Artlette Shawl – Tunisian Crochet

Remember at the beginning of 2009 I went to my first Tunisian Crochet Class at my BFF Yarn Shop, The Local Needle?

That is where I learned to crochet with a huge hook and sock yarn.   Yes I know, I wasn’t thinking.

Artlette Shawl is the pattern we used.

I used Pagewood Farm Chugiak hand Dyed Sock Yarn.  In Florida you don’t need much to keep you warm, unless you are going through a long freeze spill and then you wish you had used something other than sock yarn.

I got really frustrated with the project and put it down for a good long while.  It was difficult for me to see the stitches  since they were large from the huge hook.  Making it from dark yarn, didn’t help matters either.

Months later, I picked it back up.  I did a few more rows, did an edge of single crochet and then called it done.  Good thing too.  The pattern calls for an edging at both ends.  I didn’t do that.

Here it is before blocking.  The left side is the front and the right side is the back.  Looks like a rat’s nest, doesn’t it?

I decided to just go ahead and block it.  I hate blocking.  It takes forever to size and pin it.  Pay no attention to the curvy lines.  😉

It is as long as my kitchen counter!  I left it to dry for almost three days.  While it was drying I would check it out.  I noticed several mistakes. I don’t think anyone would  notice them, but I did.  Look at the photo below.  See how the vertical line stitches line up at the top and then on the way down they no longer line up?   That’s a mistake.  Now you know.

Here is the shawl in its final glory.  I do think it turned out rather pretty.  I love the color and I love the open-work.  I have two problems other than one more mistake I want to show you.    It is too stinking long and I have nothing to wear it with.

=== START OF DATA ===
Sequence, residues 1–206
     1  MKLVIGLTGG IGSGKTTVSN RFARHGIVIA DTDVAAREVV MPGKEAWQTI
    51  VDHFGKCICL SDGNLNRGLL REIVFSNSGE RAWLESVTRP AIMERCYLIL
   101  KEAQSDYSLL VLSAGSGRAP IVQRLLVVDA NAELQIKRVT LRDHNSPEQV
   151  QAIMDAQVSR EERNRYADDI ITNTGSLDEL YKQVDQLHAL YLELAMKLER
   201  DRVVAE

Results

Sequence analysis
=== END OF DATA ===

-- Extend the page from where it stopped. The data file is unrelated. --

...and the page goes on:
Now for the final mistake.  I have to let the world know of my crocheting mistakes.  It’s in my blood.  Remember the Beer Fish.  Yeah, beer of yarn is a huge mistake, but I told you anyway.   The mistake on this one is the huge hole  on the right side. It is level with the street.  Can you see it?  Thankfully for some reason or another it is just a hole.  It will not unravel.  😀

I am thinking of frogging it in the future.  It  is sitting on my dresser collecting dust.   What would you do with this extra long shawl?

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12 responses to “Artlette Shawl – Tunisian Crochet

  1. turn it into socks? Or knit a shawl with it. I’ve got a really cute simple knit every row shawl OTN right now and it is very cute. Otherwise, Halia with the regular crochet hook would look great with sock yarn, IMO!

  2. too bad about the mistake(s), too bad you are the only one that will notice it. about wearing it:
    — maybe its time to go shopping?
    –wear it with red?
    –jeans?
    you’ll think of something.

    I like it. but why didn’t you make it in red??

  3. That’s just a beautiful thing. I like the open work, too. You’re very talented, Michelle. I guess whether it was too long or not, I’d use it as a shawl. It would look so nice over a white outfit this spring and summer …right now, wouldn’t it look good over a RED outfit??? Oh yes, red.

  4. If you love the yarn, reclaim it. Otherwise, consider it a give away? Find a person or charity that will give it a good home and put it to good use?

    Lovely job by the way. Not only did you take on learning Tunisian, you took on a challenging project. Applie is fearless! =-)

  5. I think it’s beautiful…a pretty color and a lovely pattern. I don’t see any mistakes at all. Of course, I’m still asleep. LOL!

  6. I’d probably wear it like a long scarf. There are several ways to wear a long scarf.

  7. I’m with Donna – I’d wear it as a scarf. Or I’d go granny and lay it across the top of my dresser.

  8. Hey, now go mark it off your 101 List! You’ve accomplished your last goal.

  9. I picture your beautiful shawl worn to a wedding this summer with a dress of the same color, yet lighter shade. Beautiful!
    You should be proud of your accomplishment!
    (and…as you can tell, I found your blog)

    Joan
    The Local Needle

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